Diplomat author Mercy Kuo regularly engages subject matter experts, policy practitioners, and strategic thinkers from around the world for their diverse ideas on U.S. policy in Asia. This conversation with Dr. David Yoffie – Max and Doris Starr Professor of International Business at Harvard Business School and author of numerous publications on strategy and technology – is the 280th in the “Trans-Pacific View Insight Series”.
Evaluate TSMC and Samsung’s effectiveness in meeting global chip demand.
The impact of the pandemic has led to a surprising increase in demand for semiconductors, which no one anticipated. The result has been long queues at TSMC and Samsung to fill orders. In addition, it takes about two years to build and qualify a new semiconductor plant. As a result, it was impossible for a foundry to start new production quickly enough to meet demand. The effectiveness of TSMC and Samsung in meeting demand is disappointing to the world, but largely beyond their control in the short term.
Explain the impact of Sino-US technology competition on TSMC and Samsung’s market strategies.
Samsung is not directly in the crosshairs between the United States and China on semiconductors. However, TSMC is at the center of the conversation. Since TSMC controls over 60% of the capacity of smelters globally, U.S. companies and policy makers are very concerned about the concentration of such critical capacity in a location that could be threatened by independent geopolitical forces. their will.
How do geopolitical tensions in the Taiwan Strait interfere with TSMC’s business risk management?
If tensions escalate between the United States and China, or much more seriously between China and Taiwan, any supply disruption at TSMC could cripple some of the most important American tech companies, especially Apple, Nvidia, AMD. and Qualcomm. As a result, TSMC (and, to a lesser extent, Samsung) should consider expanding its capacity decision to more locations around the world, especially the United States and Europe. TSMC and Samsung need to reassure their global customers that tensions with China will not disrupt supply, and they have contingency plans to handle worst-case scenarios.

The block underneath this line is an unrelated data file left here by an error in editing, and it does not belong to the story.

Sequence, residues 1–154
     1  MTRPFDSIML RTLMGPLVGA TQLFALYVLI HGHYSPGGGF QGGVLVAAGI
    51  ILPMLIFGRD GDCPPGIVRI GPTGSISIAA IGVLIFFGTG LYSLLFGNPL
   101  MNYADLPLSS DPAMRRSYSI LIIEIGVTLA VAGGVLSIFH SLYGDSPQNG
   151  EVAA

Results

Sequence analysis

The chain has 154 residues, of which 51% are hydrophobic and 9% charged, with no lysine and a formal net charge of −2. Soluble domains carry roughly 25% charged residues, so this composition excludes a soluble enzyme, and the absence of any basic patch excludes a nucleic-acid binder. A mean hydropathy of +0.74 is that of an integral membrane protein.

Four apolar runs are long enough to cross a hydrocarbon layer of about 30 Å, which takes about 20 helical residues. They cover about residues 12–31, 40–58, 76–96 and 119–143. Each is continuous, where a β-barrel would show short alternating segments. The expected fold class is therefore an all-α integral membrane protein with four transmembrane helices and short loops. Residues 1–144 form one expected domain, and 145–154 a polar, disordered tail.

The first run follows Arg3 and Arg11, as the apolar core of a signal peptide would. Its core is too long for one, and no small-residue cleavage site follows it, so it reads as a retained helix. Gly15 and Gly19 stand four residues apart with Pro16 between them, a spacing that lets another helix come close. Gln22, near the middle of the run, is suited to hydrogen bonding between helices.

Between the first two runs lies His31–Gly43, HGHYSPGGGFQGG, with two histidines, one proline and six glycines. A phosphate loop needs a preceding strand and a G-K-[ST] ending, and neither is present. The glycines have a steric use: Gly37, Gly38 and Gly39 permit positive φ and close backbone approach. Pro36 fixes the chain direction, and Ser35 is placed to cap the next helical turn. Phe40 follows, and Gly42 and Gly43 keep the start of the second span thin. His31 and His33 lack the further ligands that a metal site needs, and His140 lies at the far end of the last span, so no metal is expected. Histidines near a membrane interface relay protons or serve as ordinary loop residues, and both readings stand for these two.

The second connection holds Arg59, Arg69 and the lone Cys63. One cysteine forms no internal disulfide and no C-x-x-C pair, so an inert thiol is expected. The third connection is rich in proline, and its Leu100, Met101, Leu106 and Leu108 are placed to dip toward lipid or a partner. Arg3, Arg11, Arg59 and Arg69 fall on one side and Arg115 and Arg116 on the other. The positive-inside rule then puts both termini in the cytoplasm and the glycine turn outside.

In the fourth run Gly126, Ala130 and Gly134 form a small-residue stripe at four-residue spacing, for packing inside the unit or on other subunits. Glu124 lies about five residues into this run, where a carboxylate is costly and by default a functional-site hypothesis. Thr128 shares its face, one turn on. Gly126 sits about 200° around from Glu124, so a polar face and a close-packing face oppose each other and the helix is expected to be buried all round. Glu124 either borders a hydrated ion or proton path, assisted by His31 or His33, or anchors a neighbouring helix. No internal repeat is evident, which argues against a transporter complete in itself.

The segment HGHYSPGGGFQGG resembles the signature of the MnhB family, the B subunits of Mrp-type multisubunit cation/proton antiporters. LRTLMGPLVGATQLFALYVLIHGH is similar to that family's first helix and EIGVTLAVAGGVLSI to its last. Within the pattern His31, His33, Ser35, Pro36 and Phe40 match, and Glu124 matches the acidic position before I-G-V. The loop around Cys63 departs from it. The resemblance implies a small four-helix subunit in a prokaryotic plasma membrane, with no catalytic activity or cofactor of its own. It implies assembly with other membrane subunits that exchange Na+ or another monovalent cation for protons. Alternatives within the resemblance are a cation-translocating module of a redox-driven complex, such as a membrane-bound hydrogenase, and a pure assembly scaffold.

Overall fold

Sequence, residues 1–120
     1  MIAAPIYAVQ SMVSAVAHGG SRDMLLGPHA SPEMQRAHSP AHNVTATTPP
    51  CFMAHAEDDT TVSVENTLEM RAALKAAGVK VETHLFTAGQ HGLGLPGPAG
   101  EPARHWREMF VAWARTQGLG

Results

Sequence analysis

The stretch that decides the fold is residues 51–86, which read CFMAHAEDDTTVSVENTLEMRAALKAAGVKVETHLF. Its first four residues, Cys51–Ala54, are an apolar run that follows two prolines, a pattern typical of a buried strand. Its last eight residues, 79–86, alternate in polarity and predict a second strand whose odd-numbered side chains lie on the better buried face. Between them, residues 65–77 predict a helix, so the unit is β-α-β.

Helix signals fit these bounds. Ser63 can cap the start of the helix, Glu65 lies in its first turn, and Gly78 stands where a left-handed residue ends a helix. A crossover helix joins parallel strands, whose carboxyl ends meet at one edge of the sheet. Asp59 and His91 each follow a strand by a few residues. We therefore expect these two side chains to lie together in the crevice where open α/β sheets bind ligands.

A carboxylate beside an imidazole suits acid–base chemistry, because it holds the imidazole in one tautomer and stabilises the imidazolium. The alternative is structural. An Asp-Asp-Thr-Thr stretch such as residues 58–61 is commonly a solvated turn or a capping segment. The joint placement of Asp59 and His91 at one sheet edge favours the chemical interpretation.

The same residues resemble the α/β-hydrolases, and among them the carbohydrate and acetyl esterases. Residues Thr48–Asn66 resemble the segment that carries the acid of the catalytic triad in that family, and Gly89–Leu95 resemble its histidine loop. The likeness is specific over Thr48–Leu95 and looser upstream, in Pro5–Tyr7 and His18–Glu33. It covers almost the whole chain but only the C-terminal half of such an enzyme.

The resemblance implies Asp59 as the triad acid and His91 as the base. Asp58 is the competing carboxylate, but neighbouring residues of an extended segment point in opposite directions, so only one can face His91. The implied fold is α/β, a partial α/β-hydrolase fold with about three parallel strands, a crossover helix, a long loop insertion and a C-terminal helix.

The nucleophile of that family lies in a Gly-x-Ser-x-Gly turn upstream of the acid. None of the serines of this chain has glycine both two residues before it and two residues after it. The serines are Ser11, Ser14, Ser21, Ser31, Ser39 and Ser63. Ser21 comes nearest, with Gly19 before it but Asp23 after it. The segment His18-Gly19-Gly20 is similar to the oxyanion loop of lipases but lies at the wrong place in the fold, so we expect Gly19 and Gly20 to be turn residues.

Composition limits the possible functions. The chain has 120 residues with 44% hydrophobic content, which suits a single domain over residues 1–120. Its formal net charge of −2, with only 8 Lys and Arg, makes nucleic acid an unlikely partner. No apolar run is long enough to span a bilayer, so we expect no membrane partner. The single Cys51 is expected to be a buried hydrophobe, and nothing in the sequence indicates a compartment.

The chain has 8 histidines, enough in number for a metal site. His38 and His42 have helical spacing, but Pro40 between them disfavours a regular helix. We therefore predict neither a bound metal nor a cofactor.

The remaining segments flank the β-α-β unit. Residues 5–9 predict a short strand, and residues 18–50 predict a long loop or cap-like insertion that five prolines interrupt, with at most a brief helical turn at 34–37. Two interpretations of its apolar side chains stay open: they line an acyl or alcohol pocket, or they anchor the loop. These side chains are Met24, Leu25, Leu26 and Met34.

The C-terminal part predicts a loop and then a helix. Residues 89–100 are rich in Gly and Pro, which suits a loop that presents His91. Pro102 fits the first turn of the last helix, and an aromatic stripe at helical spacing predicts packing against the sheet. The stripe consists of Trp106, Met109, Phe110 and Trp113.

Identify strategic risks to businesses if chip shortages persist over the long term.
Strategic risks vary widely across companies and industries. For some industries, such as the automobile, which rely on older technologies, the main problem is a slowdown in production and lost sales. Most businesses will be affected relatively evenly. For tech companies like AMD and Nvidia, they are more dependent on advanced capabilities, primarily TSMC. A lack of supply could lead to a loss of market share and a reduction of their lead over Intel. For Apple, it depends on how TSMC allocates capacity. Today, TSMC seems to prioritize Apple because it is an important and important customer. If Apple maintains its position at the top of the queue, it may not be badly impacted, even if the shortages persist longer.
How should American policymakers and business leaders mitigate the risks for American companies dependent on chip production?
The Biden administration would like to provide around $ 50 billion in aid to the U.S. semiconductor industry to facilitate faster creation of new capacity to meet demand. But there are only two domestic manufacturers in the United States: Intel and Micron. Today, the vast majority of their production is used for their own crisps. Intel has announced plans to create a foundry that will compete with TSMC and Samsung, but Intel remains at least a full generation (and probably more than a full generation) behind TSMC. The US government should also explore incentives to accelerate capacity building for TSMC and Samsung in the US. Although this would take two to three years, it would help mitigate the long-term risks associated with geopolitical issues in Asia.